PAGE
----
Here’s two charts made with the same data. One is a bar chart, one is a beeswarm (some people call it a jitter plot, but that’s less fun).

Left: Bar chart showing pay disparities between 4 groups of restaurant workers. Right: Jitter plot showing the same data.

The bar chart is aggregating everything together and visualizing the average for each group. Nevermind that a bar chart isn’t the best way to show an average, lots of people use bars for averages… look at the Groups… and imagine if instead of Group A,B,C,D we had races listed instead. Some conclusions, generalizations, and stereotypes would jump out immediately.

The beeswarm is the exact same data, but the individual data points are shown, and they show that the “story” isn’t so simple as the one being told (or being assumed by the audience) by the bars. The averages are really NOT the story. The spread and variance are the story.

(Charts by Eli Holder, via Dr. Stephanie Evergeen. Read more about how visualizing data in a society with hundreds of years of built up systemic racism can make things worse here.)

The data is people.

Let’s take this one step farther, and it’s a step we should all take constantly. It’s a step that anyone working with data should think about. The data isn’t numbers (or words). Any data worth working with (in my opinion) is capturing the lived experiences of people. Their births, their lives, their deaths.

I recently worked with Mamow Ahyamowen, which is an epidemiology alliance of First Nations governed health service organizations based in northern Ontario. Their goal is to provide health information to communities that they can use to work toward health equity.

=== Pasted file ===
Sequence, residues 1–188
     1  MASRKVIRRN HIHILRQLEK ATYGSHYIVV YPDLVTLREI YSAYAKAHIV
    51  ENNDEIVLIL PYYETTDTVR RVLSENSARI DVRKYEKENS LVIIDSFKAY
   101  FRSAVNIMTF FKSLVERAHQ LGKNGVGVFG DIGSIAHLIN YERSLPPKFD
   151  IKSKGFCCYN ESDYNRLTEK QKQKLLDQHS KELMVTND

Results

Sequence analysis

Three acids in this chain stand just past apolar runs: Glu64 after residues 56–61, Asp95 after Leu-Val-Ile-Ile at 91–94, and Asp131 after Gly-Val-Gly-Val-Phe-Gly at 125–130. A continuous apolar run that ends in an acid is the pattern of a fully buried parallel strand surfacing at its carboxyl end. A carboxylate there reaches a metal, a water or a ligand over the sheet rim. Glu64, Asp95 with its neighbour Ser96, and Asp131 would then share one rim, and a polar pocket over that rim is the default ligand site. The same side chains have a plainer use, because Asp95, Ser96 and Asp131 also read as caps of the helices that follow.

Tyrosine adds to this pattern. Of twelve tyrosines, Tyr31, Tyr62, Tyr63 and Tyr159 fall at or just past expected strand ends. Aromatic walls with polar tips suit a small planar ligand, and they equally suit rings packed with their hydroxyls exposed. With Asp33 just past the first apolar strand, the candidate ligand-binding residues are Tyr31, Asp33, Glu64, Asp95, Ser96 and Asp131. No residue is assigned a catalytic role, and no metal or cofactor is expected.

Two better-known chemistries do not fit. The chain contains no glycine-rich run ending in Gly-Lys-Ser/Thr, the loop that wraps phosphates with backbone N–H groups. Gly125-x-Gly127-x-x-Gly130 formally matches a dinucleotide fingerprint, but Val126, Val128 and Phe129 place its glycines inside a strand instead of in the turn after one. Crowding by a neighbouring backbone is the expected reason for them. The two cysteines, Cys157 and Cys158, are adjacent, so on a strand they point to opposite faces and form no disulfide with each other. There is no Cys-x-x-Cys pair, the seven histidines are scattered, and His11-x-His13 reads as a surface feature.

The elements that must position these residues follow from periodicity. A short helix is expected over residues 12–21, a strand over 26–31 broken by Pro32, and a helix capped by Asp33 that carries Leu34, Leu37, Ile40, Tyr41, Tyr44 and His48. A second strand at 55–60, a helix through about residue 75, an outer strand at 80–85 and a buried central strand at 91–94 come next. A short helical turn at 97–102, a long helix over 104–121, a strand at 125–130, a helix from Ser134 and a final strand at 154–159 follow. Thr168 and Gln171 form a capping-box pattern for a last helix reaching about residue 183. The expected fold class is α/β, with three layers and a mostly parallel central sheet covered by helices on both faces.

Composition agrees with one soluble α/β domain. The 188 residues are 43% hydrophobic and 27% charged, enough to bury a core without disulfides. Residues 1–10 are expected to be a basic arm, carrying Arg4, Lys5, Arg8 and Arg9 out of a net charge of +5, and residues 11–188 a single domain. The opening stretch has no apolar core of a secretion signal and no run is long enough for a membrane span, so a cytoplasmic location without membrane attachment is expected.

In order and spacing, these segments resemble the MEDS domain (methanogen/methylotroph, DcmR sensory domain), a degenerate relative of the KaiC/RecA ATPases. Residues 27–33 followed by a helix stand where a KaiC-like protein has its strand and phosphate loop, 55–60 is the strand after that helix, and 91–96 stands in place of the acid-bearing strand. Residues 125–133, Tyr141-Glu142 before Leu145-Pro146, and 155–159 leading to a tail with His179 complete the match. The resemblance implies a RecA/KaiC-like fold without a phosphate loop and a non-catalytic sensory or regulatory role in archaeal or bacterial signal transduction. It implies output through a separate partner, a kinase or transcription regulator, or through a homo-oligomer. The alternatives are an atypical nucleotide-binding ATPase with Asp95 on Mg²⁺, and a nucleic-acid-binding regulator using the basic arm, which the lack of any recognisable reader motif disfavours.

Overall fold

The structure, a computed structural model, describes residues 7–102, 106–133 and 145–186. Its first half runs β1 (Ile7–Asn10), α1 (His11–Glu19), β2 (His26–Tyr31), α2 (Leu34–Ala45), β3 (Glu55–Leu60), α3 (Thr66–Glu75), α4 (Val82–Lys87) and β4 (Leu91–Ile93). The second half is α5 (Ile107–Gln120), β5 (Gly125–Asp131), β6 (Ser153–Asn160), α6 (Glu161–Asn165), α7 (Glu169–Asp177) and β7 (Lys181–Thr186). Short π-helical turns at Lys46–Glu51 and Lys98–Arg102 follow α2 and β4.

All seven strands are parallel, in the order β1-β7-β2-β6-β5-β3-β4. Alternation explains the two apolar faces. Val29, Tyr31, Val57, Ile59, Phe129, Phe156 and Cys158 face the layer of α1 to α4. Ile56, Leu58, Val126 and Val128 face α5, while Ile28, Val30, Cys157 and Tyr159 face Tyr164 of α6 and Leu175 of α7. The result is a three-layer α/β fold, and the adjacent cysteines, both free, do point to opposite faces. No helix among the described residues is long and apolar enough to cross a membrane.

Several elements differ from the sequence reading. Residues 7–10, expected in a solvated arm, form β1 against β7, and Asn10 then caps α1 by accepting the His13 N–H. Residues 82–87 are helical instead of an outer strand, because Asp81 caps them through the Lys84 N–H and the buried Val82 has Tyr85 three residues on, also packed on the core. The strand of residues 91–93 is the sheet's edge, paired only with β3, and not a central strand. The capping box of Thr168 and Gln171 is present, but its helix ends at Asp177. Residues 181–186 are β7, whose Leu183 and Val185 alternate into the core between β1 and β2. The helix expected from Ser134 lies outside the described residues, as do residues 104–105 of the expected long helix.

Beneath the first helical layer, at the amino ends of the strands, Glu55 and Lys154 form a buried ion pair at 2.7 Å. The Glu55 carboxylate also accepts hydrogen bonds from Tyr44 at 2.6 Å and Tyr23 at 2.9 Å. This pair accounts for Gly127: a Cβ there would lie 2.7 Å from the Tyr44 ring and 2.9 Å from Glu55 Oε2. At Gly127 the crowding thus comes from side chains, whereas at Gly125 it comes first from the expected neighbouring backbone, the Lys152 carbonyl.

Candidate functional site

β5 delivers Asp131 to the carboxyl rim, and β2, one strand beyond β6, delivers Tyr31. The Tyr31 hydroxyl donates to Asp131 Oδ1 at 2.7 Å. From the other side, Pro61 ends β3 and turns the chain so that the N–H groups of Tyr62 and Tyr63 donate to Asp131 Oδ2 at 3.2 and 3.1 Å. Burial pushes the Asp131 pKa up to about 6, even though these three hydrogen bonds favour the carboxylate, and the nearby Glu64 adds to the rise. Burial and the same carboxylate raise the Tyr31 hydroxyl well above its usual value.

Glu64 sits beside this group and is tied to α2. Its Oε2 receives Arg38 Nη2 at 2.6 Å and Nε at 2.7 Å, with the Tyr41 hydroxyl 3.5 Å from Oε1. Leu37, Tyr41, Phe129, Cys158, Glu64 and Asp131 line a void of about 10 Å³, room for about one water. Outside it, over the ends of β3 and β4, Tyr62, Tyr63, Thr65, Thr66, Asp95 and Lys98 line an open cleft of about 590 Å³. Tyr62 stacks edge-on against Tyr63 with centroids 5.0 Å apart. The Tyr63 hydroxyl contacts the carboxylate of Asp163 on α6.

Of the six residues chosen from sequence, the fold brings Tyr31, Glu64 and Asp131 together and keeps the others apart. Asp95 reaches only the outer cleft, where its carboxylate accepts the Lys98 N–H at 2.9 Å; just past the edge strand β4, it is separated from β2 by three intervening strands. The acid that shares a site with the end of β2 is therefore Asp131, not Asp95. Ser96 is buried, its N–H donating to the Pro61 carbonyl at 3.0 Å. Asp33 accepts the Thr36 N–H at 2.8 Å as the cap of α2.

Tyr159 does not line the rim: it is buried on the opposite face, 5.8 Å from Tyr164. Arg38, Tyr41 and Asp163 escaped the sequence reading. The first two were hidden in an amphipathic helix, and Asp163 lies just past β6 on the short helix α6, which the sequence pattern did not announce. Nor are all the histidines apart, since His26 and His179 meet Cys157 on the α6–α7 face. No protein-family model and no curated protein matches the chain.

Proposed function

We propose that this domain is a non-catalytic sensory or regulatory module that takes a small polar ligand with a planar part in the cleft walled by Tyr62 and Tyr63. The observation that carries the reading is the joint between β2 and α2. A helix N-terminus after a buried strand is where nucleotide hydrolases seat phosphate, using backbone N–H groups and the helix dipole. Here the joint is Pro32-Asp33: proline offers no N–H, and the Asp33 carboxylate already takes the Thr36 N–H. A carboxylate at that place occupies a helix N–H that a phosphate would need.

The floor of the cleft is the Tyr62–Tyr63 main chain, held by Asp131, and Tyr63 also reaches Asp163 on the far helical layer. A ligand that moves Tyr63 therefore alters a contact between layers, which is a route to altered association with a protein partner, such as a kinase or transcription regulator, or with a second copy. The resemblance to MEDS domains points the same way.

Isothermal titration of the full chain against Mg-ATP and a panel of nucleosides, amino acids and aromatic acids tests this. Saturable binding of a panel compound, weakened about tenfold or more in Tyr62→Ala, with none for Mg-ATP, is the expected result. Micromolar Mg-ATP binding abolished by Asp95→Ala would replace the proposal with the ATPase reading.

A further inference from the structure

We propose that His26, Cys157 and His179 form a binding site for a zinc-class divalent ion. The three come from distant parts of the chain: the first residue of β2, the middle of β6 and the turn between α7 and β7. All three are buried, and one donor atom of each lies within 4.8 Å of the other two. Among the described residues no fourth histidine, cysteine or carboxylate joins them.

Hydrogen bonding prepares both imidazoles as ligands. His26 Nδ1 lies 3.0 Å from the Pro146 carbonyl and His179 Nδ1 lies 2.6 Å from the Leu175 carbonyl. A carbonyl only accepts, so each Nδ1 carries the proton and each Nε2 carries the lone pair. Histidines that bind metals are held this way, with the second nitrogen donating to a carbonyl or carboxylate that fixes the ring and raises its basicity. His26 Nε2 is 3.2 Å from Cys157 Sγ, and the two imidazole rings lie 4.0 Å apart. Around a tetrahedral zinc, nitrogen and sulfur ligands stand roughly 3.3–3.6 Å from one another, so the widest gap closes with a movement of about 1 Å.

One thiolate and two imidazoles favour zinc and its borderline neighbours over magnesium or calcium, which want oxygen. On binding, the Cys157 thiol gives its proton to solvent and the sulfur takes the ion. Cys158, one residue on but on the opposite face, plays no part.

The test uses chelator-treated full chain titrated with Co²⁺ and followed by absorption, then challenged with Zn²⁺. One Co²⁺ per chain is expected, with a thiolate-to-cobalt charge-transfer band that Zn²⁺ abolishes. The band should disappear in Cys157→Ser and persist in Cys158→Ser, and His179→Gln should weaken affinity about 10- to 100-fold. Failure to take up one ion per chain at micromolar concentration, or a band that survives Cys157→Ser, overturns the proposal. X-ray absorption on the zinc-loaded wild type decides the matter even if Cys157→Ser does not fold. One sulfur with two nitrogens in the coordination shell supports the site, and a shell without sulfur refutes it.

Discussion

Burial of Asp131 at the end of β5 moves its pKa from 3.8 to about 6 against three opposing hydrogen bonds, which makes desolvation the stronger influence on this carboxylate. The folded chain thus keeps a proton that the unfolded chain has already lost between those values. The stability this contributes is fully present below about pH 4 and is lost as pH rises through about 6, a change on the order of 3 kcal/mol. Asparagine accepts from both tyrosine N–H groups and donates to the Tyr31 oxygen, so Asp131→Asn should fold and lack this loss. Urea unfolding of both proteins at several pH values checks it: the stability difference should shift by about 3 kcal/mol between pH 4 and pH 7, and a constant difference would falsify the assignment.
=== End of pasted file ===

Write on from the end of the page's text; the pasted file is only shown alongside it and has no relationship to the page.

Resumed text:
Before I even started working with them, I attended a virtual session where they presented some health data (specifically mortality data), but before launching into all the numbers of deaths and co-morbidities and how their mortality data compares with province-wide data, they paused.

They paused to reflect on the nature of the data, who the data was about, and what it meant to all of them. When I asked them about it, staff shared that this practice was inspired by teachings from Elders and Knowledge Keepers who have been involved in their work.

More organizations (and the “data world” as a whole) need to do this. Data is not just data. It’s lived experiences, ancestors and history.

Mamow Ahyamowen’s health data is perhaps the perfect example of this. Indigenous communities in Canada (and all over North America, and the world) have lived through centuries of land theft, oppression, and systemic racism. Families and communities were ripped apart throughout the 19th and 20th century and thousands of children were abused and killed in government-run and church-run residential schools. It doesn’t end there; colonialism has changed forms but continues to affect the lives of Indigenous people to this day.

All this affects the health of communities in a big way.

I trained a lot of great people at Mamow Ahyamowen in getting started with Power BI, and these were training sessions that used their data. Data about their families and ancestors.